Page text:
High-risk rhabdomyosarcoma (RMS) occurring in childhood to young adulthood is associated with a poor prognosis; especially children above the age of 10 with advanced stage alveolar RMS still succumb to the disease within a median of 2 years. The advent of chimeric antigen receptor (CAR)-engineered T cells marked significant progress in the treatment of refractory B cell malignancies, but experience for solid tumors has proven challenging. We speculate that this is at least in part due to the poor quality of the patient's own T cells and therefore propose using CAR-modified cytokine-induced killer (CIK) cells as effector cells. CIK cells are a heterogeneous population of polyclonal T cells that acquire phenotypic and cytotoxic properties of natural killer (NK) cells through the cultivation process, becoming so-called T-NK cells. CIK cells can be genetically modified to express CARs. They are minimally alloreactive and can therefore be acquired from haploidentical first-degree relatives. Here, we explored the potential of ERBB2-CAR-modified random-donor CIK cells as a treatment for RMS in xenotolerant mice bearing disseminated high-risk RMS tumors. In otherwise untreated mice, RMS tumors engrafted 13–35 days after intravenous tumor cell injection, as shown by in vivo bioluminescence imaging, immunohistochemistry, and polymerase chain reaction for human gDNA, and mice died shortly thereafter (median/range: 62/56–66 days, n = 5). Wild-type (WT) CIK cells given at an early stage delayed and eliminated RMS engraftment in 4 of 6 (67%) mice, while ERBB2-CAR CIK cells inhibited initial tumor load in 8 of 8 (100%) mice. WT CIK cells were detectable but not as active as CAR CIK cells at distant tumor sites. CIK cell therapies during advanced RMS delayed but did not inhibit tumor progression compared to untreated controls. ERBB2-CAR CIK cell therapy also supported innate immunity as evidenced by selective accumulation of NK and T-NK cell subpopulations in disseminated RMS tumors, which was not observed for WT CIK cells. Our data underscore the power of heterogenous immune cell populations (T, NK, and T-NK cells) to control solid tumors, which can be further enhanced with CARs, suggesting ERBB2-CAR CIK cells as a potential treatment for high-risk RMS.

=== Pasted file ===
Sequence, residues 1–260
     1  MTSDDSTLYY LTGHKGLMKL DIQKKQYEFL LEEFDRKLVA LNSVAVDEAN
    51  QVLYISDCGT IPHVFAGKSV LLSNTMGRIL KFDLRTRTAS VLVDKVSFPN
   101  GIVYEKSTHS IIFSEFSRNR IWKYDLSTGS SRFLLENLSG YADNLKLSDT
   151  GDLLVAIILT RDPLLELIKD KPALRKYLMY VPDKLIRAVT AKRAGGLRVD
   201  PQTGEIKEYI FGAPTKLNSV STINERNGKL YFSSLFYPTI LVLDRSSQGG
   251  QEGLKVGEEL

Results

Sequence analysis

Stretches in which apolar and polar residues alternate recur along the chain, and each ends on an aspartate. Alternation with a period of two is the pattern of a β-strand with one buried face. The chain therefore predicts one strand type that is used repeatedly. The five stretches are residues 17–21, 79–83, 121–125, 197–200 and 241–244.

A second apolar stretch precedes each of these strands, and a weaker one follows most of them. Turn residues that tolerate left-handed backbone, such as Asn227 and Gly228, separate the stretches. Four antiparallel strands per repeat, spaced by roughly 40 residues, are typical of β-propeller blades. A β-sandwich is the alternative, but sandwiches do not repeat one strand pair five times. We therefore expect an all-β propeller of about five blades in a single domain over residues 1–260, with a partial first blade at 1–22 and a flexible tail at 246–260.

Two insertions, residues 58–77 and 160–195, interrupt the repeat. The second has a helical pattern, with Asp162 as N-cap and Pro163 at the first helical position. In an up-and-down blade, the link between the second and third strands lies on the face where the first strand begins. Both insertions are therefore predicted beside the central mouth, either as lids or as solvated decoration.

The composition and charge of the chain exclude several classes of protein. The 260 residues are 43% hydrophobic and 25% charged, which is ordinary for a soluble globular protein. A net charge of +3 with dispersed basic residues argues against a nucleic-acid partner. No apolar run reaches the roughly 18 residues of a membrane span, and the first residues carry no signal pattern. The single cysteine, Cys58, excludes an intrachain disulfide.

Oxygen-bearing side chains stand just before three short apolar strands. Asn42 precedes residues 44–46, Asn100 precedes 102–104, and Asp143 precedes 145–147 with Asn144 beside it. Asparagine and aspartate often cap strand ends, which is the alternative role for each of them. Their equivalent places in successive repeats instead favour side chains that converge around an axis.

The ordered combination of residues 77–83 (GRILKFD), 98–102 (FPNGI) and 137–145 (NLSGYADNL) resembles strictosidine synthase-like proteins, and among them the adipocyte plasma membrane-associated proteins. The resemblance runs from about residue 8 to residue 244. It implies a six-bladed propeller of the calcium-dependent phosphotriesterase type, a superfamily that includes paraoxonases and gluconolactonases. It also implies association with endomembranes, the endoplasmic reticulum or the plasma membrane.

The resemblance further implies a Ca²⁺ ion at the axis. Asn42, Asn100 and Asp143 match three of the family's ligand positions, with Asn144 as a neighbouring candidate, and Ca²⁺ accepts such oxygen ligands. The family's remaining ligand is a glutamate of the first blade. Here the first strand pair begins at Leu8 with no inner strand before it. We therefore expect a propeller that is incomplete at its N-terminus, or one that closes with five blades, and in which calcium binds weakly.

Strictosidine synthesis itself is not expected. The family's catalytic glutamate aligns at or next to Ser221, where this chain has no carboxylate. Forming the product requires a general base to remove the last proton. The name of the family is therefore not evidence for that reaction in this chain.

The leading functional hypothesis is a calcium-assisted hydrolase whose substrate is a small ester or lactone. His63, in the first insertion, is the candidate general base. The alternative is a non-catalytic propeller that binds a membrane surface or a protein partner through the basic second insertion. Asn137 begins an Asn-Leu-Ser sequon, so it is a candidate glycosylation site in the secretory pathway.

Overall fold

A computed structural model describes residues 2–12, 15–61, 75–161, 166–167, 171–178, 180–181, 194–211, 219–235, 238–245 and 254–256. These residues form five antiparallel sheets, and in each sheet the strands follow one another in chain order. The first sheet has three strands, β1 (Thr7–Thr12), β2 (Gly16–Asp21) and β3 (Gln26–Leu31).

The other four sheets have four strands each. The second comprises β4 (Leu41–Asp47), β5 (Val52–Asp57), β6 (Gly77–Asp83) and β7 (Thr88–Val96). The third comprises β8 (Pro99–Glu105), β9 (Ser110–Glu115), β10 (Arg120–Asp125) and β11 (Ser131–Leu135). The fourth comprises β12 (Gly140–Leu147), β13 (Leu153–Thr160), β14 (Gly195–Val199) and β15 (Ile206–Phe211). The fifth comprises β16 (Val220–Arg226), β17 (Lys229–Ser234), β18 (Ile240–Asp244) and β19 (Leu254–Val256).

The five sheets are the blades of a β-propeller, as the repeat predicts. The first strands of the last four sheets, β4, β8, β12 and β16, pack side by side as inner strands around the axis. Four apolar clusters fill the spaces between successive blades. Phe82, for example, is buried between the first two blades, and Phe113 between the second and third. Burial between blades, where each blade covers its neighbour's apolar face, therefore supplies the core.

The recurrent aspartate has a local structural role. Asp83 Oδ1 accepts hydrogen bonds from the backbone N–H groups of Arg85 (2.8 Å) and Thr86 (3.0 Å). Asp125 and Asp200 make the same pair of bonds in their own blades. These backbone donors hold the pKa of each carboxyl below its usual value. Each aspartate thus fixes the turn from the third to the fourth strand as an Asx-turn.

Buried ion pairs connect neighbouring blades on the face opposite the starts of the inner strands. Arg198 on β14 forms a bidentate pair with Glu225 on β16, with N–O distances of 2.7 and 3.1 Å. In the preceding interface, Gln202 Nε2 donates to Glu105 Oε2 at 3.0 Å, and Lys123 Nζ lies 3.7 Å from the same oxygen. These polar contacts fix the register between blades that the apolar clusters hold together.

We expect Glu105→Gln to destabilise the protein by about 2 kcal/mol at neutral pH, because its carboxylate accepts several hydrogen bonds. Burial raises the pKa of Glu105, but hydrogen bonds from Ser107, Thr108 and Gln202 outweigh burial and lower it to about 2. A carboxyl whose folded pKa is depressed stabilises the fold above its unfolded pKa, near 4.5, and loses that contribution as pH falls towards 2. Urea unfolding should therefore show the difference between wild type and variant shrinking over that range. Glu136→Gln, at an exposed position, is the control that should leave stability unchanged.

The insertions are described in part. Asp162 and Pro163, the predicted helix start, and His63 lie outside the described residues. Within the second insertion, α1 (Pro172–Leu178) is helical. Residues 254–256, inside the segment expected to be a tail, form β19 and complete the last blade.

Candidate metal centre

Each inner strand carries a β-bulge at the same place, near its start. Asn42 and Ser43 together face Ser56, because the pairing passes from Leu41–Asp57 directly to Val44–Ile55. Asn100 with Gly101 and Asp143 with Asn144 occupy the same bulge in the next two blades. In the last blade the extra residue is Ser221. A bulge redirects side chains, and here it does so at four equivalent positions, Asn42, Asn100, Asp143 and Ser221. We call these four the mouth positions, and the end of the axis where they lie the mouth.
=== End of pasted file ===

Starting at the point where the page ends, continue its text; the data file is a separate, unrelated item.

Introduction